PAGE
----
UPDATE 1-Quake drives Japan manufacturing PMI to 2-yr low

 * Headline index logs record monthly fall
 * Output, new orders components at 2-year lows
 * Outlook for business activity depends on
rebuilding-analyst

 (Adds analyst quotes)	
 By Kaori Kaneko	
 TOKYO, March 31(Reuters) - Japanese manufacturing activity
slumped to a two-year low in March and posted its steepest
monthly decline on record as a devastating earthquake and
tsunami disrupted supply chains and production operations, a
survey showed on Thursday.	
 The Markit/JMMA Japan Manufacturing Purchasing Managers
Index (PMI) fell to a seasonally adjusted 46.4 in March, the
lowest since April 2009 and down from February's 52.9.	
 The data provided one of the first quantitative assessments
of the severe damage to production from the March 11 quake and
tsunami in northeast Japan, which triggered a nuclear safety
crisis and widespread power shortages.	
 "The impact from the power outage, supply chain disruption
and a halt of many factories' activity after the quake is large.
There is a possibility that the PMI index will further weaken,"
said Takeshi Minami, chief economist at Norinchukin Research
Institute in Tokyo.	
 "It is a major issue now how the nuclear crisis develops,
and stock market players are also closely watching it. The
outlook for business activity depends on progress in
reconstruction and recovery."	
 Japan's government is struggling to contain the world's
worst nuclear crisis in 25 years that triggered wide power
outage, while carrying out a huge humanitarian relief effort
following the March 11 quake and tsunami that devastated coastal
areas of northeast Japan and left 27,500 people dead or missing.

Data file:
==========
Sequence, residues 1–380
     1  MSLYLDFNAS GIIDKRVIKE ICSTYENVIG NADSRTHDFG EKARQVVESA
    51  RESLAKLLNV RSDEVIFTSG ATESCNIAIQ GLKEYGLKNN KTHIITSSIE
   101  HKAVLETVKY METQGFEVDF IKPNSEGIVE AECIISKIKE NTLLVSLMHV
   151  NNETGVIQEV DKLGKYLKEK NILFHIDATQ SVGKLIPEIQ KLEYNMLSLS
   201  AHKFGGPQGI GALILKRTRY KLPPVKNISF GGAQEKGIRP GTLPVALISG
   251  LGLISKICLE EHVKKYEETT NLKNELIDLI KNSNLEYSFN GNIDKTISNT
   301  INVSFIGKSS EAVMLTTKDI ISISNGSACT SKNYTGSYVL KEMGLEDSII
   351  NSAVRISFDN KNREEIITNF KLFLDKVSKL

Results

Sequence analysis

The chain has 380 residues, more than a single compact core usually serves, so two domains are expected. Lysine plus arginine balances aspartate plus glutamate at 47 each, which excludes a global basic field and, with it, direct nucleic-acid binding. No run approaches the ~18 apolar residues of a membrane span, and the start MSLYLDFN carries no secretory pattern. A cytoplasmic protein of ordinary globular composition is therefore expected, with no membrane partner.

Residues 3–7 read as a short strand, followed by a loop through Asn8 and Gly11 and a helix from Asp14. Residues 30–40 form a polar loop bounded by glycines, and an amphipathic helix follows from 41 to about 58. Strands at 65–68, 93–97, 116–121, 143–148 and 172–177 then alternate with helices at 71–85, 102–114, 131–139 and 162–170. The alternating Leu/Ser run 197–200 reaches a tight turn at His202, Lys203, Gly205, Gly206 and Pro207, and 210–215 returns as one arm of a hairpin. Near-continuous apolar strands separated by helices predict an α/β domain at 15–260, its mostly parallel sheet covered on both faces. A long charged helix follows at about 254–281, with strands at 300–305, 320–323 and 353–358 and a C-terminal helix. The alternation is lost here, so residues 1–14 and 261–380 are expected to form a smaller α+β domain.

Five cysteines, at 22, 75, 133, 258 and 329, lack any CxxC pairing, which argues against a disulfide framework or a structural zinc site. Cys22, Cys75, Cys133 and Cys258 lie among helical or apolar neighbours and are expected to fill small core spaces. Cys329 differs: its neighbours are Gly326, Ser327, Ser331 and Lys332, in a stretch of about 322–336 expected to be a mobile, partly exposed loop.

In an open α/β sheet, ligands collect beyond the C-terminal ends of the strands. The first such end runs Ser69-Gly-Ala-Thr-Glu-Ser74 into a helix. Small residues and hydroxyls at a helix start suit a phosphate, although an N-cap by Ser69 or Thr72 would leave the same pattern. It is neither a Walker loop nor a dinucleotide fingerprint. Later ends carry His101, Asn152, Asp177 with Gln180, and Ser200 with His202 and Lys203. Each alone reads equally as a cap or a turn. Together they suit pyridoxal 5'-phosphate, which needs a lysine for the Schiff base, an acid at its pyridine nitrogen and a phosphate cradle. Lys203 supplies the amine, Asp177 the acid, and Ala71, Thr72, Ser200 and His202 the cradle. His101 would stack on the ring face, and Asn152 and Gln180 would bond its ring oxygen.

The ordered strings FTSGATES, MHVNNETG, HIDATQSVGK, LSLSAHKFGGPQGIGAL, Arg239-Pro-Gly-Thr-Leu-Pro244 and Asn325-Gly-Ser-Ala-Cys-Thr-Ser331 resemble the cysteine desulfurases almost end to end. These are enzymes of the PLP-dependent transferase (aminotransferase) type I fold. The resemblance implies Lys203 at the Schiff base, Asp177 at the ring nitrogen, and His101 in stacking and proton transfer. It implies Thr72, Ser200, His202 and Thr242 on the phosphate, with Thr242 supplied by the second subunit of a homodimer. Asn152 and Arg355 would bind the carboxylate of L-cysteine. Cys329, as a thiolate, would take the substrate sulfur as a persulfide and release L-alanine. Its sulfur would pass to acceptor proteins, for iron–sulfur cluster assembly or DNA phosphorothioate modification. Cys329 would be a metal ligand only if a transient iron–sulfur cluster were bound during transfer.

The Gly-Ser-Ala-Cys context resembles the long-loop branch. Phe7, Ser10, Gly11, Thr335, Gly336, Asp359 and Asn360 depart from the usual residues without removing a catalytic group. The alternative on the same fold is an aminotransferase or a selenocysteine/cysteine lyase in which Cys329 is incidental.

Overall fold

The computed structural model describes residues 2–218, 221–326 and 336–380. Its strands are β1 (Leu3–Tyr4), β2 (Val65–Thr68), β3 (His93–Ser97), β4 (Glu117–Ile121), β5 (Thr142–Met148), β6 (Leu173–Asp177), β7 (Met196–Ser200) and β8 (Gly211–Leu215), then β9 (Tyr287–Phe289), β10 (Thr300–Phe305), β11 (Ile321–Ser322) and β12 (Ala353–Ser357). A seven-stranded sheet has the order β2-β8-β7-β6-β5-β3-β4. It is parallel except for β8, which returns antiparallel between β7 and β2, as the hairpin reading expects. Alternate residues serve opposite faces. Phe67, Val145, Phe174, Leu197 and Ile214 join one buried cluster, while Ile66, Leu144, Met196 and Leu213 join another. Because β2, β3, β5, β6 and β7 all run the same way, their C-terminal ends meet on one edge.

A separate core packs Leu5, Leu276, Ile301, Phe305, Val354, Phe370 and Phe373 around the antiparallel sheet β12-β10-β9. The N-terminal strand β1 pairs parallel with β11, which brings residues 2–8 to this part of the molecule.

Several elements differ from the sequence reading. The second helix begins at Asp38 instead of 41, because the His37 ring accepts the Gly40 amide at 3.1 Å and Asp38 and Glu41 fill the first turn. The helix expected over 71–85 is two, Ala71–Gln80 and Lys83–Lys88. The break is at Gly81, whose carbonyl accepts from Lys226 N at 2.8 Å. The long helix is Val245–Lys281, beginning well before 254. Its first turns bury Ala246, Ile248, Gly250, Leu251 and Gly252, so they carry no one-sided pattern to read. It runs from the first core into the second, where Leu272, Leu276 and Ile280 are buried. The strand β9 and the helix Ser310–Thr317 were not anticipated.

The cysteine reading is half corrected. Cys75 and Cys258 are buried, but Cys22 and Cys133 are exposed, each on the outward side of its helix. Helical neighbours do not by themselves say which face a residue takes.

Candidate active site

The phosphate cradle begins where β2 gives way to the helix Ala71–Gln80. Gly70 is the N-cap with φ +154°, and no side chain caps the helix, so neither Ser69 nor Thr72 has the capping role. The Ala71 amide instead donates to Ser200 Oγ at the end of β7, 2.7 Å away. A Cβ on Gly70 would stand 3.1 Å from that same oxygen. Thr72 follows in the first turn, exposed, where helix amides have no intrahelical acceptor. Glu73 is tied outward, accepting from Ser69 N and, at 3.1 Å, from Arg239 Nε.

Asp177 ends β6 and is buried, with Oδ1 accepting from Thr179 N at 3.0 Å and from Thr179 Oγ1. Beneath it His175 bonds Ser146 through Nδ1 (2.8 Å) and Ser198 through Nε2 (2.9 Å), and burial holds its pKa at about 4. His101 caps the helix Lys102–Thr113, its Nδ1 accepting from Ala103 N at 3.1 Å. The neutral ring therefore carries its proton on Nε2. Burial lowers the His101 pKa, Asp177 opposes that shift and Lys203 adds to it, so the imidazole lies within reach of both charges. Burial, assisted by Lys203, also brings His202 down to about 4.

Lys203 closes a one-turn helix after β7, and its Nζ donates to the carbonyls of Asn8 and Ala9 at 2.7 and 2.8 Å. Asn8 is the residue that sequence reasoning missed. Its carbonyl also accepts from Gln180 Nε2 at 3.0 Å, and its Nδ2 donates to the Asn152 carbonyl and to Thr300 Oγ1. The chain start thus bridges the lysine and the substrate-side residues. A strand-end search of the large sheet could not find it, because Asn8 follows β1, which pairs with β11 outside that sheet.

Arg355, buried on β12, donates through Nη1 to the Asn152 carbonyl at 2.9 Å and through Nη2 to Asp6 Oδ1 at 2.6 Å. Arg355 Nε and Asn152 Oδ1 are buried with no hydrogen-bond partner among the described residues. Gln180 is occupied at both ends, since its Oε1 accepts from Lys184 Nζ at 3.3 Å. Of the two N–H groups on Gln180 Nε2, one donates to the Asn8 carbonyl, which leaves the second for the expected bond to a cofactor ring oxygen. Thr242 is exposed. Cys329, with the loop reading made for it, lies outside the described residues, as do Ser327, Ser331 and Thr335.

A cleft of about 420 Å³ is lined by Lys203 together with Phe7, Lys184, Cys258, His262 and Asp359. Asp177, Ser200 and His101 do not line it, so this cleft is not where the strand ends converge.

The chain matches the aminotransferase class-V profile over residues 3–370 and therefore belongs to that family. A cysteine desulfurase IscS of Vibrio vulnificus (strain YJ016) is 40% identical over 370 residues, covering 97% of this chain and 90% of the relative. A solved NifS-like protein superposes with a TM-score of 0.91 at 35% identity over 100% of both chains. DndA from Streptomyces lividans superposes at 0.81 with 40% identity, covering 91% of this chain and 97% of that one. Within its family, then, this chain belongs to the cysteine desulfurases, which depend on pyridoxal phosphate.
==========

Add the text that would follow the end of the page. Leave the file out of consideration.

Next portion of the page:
It is set to compile several extra budgets to cope with the
disaster with the first likely due next month but it will
initially focus on urgent steps such as construction of
temporary housing, leaving markets few clues about when
reconstruction demand will start to give a much needed lift to
the economy. [ID:nL3E7ET3M0]	
 In the survey, the headline index slipped below the 50
threshold that separates contraction from expansion for the
first time in three months, while the extent of the drop from
the previous month exceeded those seen after the attacks of
Sept. 11, 2001, and the collapse of Lehman Brothers in 2008.	
 "Suppliers' delivery times lengthened at a survey record
pace amid widespread disruption in the supply chain resulting
from the disaster," said Alex Hamilton, economist at Markit.	
 "These delays could affect production in coming months and
drive input price inflation even higher than the two-and-a-half
year peak seen in March."	
 The output component of the PMI index dropped to a two-year
low of 37.7 in March from 53.9 in February, logging the fastest
decline on record with a number of respondents saying rolling
blackouts and logistical problems in their supply chains
restricted production, the survey showed.	
 The index for new orders also dropped to a two-year low of
39.6 from February's 54.3. Some manufacturers responded that
customers had to cancel or postpone orders.	
 Dealing an additional blow to manufacturers, the input price
index increased to 65.2, the highest since September 2008, due
to higher costs of raw materials such as crude oil and naphtha.	
 The survey, conducted between March 11 and March 25,
received only two-thirds of its average number of responses.	
	
 (Editing by Edmund Klamann and Rodney Joyce)	
 

UPDATE 1-Quake drives Japan manufacturing PMI to 2-yr low